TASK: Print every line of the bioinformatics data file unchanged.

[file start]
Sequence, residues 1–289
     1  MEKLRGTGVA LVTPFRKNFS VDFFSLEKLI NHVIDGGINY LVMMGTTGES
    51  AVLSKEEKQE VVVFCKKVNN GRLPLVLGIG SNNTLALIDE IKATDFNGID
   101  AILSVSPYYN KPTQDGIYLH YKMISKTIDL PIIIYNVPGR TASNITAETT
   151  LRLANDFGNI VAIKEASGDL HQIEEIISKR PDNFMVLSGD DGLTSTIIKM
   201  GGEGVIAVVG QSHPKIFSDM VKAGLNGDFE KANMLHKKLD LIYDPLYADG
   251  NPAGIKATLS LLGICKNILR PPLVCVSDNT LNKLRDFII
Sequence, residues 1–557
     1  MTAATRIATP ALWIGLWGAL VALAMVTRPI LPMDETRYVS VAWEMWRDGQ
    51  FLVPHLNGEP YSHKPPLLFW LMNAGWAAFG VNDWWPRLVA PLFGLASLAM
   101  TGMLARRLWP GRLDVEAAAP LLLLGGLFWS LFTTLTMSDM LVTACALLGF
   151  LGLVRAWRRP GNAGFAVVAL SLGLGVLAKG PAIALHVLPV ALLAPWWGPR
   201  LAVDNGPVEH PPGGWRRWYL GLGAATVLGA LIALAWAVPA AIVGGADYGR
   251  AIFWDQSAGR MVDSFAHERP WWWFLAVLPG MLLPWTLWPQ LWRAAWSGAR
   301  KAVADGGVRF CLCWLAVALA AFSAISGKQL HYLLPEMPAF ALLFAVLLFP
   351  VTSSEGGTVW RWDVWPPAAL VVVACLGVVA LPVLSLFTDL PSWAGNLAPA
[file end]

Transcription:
Sequence, residues 1–289
     1  MEKLRGTGVA LVTPFRKNFS VDFFSLEKLI NHVIDGGINY LVMMGTTGES
    51  AVLSKEEKQE VVVFCKKVNN GRLPLVLGIG SNNTLALIDE IKATDFNGID
   101  AILSVSPYYN KPTQDGIYLH YKMISKTIDL PIIIYNVPGR TASNITAETT
   151  LRLANDFGNI VAIKEASGDL HQIEEIISKR PDNFMVLSGD DGLTSTIIKM
   201  GGEGVIAVVG QSHPKIFSDM VKAGLNGDFE KANMLHKKLD LIYDPLYADG
   251  NPAGIKATLS LLGICKNILR PPLVCVSDNT LNKLRDFII
Sequence, residues 1–557
     1  MTAATRIATP ALWIGLWGAL VALAMVTRPI LPMDETRYVS VAWEMWRDGQ
    51  FLVPHLNGEP YSHKPPLLFW LMNAGWAAFG VNDWWPRLVA PLFGLASLAM
   101  TGMLARRLWP GRLDVEAAAP LLLLGGLFWS LFTTLTMSDM LVTACALLGF
   151  LGLVRAWRRP GNAGFAVVAL SLGLGVLAKG PAIALHVLPV ALLAPWWGPR
   201  LAVDNGPVEH PPGGWRRWYL GLGAATVLGA LIALAWAVPA AIVGGADYGR
   251  AIFWDQSAGR MVDSFAHERP WWWFLAVLPG MLLPWTLWPQ LWRAAWSGAR
   301  KAVADGGVRF CLCWLAVALA AFSAISGKQL HYLLPEMPAF ALLFAVLLFP
   351  VTSSEGGTVW RWDVWPPAAL VVVACLGVVA LPVLSLFTDL PSWAGNLAPA